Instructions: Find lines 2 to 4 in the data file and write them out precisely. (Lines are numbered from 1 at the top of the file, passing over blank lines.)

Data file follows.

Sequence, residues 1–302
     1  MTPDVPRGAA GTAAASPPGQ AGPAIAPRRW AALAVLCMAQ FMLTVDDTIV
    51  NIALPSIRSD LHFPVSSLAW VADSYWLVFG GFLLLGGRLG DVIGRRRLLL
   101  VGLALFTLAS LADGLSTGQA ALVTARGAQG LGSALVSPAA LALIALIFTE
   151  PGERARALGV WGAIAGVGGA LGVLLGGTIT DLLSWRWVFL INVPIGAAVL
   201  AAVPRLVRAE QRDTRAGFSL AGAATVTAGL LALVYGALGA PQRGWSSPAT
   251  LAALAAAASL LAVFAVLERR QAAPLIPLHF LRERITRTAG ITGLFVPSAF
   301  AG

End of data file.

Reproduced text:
     1  MTPDVPRGAA GTAAASPPGQ AGPAIAPRRW AALAVLCMAQ FMLTVDDTIV
    51  NIALPSIRSD LHFPVSSLAW VADSYWLVFG GFLLLGGRLG DVIGRRRLLL
   101  VGLALFTLAS LADGLSTGQA ALVTARGAQG LGSALVSPAA LALIALIFTE